One day, on our way back from a camping trip, we stopped in Santa Barbara to try out a taco stand that we'd heard about for a while. An old haunt of the lovely Julia herself, we were sure it would be wonderful. Judging by the line around the block, so was everyone else within a 50 mile radius.
While there were many things I loved about this place, there were two simple (even basic) items that particularly stood out. . .
. . . the tomatillo sauce. . .
. . . and the tortillas.
Like a good loaf of bread, you can't beat the simple perfection of a fresh tortilla made by hand with love. Oh, and that amazing tomatillo sauce. . . rich and emulsified with a distinct coriander backdrop. So. Very. Good. While I wasn't able to capture the complete essence of the sauce (yet!) I was very happy with this one. It's not a salsa (I wouldn't eat it with a bowl of chips), but it's pretty fantastic on a taco. Now I don't have to drive quite so far to eat Julia's favorites.
- 1lb fresh tomatillos, husked
- 1/2 of a large onion, chopped
- 3 cloves of garlic,roughly chopped
- 1 serrano chili pepper, chopped
- 1/2 a teaspoon cumin
- 1-1/2 cup water
- 1/2 teaspoon coriander seed (freshly ground)
- 2 tablespoons extra virgin olive oil
- 4-6 tablespoons chopped fresh cilantro
- salt to taste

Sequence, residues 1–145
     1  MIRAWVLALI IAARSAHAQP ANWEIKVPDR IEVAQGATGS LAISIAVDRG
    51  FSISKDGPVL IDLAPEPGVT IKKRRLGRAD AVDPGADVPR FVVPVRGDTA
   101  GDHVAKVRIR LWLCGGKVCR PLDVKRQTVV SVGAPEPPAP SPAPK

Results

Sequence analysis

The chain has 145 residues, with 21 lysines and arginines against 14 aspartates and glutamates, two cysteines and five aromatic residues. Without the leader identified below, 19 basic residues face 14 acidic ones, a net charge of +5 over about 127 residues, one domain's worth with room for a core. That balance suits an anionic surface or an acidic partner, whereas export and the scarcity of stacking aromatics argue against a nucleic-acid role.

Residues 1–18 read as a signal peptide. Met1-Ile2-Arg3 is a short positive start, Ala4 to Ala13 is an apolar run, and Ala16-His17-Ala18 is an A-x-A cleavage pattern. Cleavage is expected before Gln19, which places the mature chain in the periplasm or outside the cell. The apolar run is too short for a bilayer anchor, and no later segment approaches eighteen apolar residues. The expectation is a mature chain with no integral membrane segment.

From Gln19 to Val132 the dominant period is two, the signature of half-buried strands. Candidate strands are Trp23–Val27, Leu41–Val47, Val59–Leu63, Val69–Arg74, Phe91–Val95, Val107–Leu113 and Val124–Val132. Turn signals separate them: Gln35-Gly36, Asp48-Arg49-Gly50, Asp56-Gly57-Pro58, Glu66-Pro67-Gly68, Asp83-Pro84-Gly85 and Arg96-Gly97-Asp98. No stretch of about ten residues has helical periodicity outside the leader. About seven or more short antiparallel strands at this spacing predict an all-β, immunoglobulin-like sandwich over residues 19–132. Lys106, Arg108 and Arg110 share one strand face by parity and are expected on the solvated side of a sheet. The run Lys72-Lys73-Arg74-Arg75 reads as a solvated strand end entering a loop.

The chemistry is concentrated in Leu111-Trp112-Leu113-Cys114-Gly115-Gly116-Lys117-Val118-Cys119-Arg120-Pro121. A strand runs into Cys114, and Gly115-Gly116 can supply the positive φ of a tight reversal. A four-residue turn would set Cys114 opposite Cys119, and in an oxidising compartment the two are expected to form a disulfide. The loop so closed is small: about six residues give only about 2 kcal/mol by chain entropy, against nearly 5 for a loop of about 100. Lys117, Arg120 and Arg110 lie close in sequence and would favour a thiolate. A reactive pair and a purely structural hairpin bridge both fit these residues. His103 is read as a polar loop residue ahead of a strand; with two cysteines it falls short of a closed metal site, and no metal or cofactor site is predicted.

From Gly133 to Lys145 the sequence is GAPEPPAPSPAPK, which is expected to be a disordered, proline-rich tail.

- 2 cups Masa Harina (available at most grocery stores in the specialty food aisle)
- 1-1/4 cup warm water
- pinch of salt
- vegetable oil (for frying)
Place all of the ingredients for the sauce (except the olive oil and only add 2 tablespoons of cilantro) into a sauce pan and bring to a boil. Reduce the heat and allow to simmer until the tomatillos are soft.
Transfer the mixture to a food processor and pulse until very well combined. Once everything is incorporated add the cilantro and oil and pulse a few more times until the salsa is emulsified. Adjust your seasoning (hint--> if it is too sour for your taste you can add a bit of sugar). Store in a jar in the fridge.
To make the tortillas, mix the masa, salt, and water. If your dough us too crumbly add a bit of water, and if it is too sticky, add a little more masa. Kneed the dough until it is smooth and pliable. Cover with a damp cloth and set aside for 30 minutes.
After the dough has rested, make balls that are about 1-1/4" in diameter and press with a tortilla press between parchment paper or plastic wrap. You can also form them by hand if you don't have a press (although they are a great tool especially when most are fairly inexpensive, around $10-$15). Heat a cast iron skillet or griddle and add a bit of vegetable oil. I've tried olive oil, butter, and even bacon grease, but the flavor of vegetable oil seems to be subtle enough to allow you to really enjoy the simplicity of a fresh tortilla.
Once you have your tortillas and tomatillo sauce compose your tacos and eat them while they're hot! I chose to make shredded beef tacos using this slow cooker recipe (I used tri tip instead of skirt steak and it turned out wonderfully) but you could make any taco variety you like. I also added one of my favorite taco additions: thinly sliced radishes soaked in fresh lime juice.
With the Kids:
*Last time in Recipes: Black and White Mini Tres Leches